Sisters help mom battle brain cancer

Each year, 220,000 Americans are diagnosed with a malignant brain tumor. Treatment options are limited and life expectancy is only one to two years.

Still, Bellevue-resident Gina Weigum stays optimistic about her mother's health.

Her mother, Teresa Lafreniere was diagnosed with Glioblistoma Multiforme, an aggressive type of brain cancer, in December 2007.

Following her husband's death in a car accident, Lafreniere wanted to spend more time with her family. She retired after 42 years at Western Washington University as an Assistant to the Dean and moved into a home across the street from her daughter.

On the morning December 13, 2007, Weigum looked across the street and noticed her mother's house was dark. Knowing her mother usually woke early, she walked over to check on her. She discovered her mother had fallen and was experiencing paralyses on the right side of her face. At the hospital, Lafreneire was given a CAT Scan.

Doctor's first assumed she had a stroke.

“I'm not sure why, but at that point, I knew it was more than a stroke,” Weigum recalled. “I had a bad feeling and I remember telling my husband I think it's a tumor.”

Up until this point, Weigum's mother was the picture of health. She was 64 and had no notable symptoms.

“It came out of no where,” Weigum said.

The doctors were adamant about operating on her mother the very next day. Weigum and her sister, Diana Lafreniere, were hesitant about the surgery and decided to research the top brain surgeons in the Seattle area. They found Dr. Greg Foltz of the Center for Advanced Brain Tumor Treatment at the Swedish Neuroscience Institute.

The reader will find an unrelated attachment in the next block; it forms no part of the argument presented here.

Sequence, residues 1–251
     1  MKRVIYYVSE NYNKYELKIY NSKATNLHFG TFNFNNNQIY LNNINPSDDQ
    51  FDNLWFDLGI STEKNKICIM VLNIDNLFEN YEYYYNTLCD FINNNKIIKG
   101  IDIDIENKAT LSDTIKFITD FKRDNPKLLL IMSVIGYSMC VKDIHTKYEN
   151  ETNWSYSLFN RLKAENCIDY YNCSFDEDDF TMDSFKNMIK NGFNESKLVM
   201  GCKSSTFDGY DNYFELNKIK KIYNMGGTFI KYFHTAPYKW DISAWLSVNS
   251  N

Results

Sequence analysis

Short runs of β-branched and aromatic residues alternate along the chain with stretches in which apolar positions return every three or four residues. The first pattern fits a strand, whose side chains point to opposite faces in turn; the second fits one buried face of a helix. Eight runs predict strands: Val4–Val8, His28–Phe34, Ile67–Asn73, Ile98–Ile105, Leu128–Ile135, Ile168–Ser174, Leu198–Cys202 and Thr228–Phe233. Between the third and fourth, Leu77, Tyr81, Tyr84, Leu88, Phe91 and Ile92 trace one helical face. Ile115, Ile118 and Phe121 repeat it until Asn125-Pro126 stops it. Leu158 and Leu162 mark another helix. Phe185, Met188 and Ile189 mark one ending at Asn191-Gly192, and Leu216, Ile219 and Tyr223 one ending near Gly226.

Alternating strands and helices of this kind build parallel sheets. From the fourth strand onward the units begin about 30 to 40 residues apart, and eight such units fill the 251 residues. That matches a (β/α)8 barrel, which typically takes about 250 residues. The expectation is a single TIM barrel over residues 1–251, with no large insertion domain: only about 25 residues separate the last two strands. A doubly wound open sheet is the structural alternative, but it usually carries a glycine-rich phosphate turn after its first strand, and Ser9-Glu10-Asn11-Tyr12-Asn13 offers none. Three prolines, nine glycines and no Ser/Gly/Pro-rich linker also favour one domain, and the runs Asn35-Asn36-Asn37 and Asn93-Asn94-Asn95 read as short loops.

“I called his office on Thursday afternoon and by Friday, we had an appointment lined up,” Weigum said. “We drove down to meet him. He admitted my mom to Swedish Hospital, but not until he insisted my sister, mother, and I go out to our favorite restaurant first. He is so dedicated and devoted to his patients and finding a cure for brain cancer,” she added.

Since her mother's first surgery, which removed several tumors, more have grown back and have caused ongoing complications.

“What's amazing about my mother is that through all of this she has remained a rock,” Weigum said. “She is the most positive, outgoing, friendly, and caring person I have ever met. She's my mother.”

Along with hundreds of others, Weigum has taken on the fight against the terminal disease. On May 30, Weigum and her team will participate in the second annual Seattle Brain Cancer Walk with proceeds benefiting the Center for Advanced Brain Tumor Treatment (CABTT) at the Swedish Neuroscience Institute.

The CABTT is the first multidisciplinary treatment and research center in the Pacific Northwest dedicated solely to the treatment of brain tumors. The out-patient clinic provides instant access to promising new therapies, offering hope for patients with all stages of brain tumors, including brain cancer.

In its inaugural year, the Seattle Brain Cancer Walk raised $120,000 for CABTT. Every dollar raised through the walk supports CABTT’s commitment to brain cancer research and patient care.

Weigum, her sister and others on Team Teresa already have raised $2,685. Their goal is to raise $5,000 for the fight. Donations can be made at

“The best part is that my mother loves life so much she sometimes forgets she has cancer,” Weigum said, smiling. “Her positive outlook helps keep her healthy and going strong.”

Lindsay Larin can be reached at 425.453.4602.

The Swedish Neuroscience Institute CABTT is located at 550 17th Avenue, Seattle, 206-320-4144.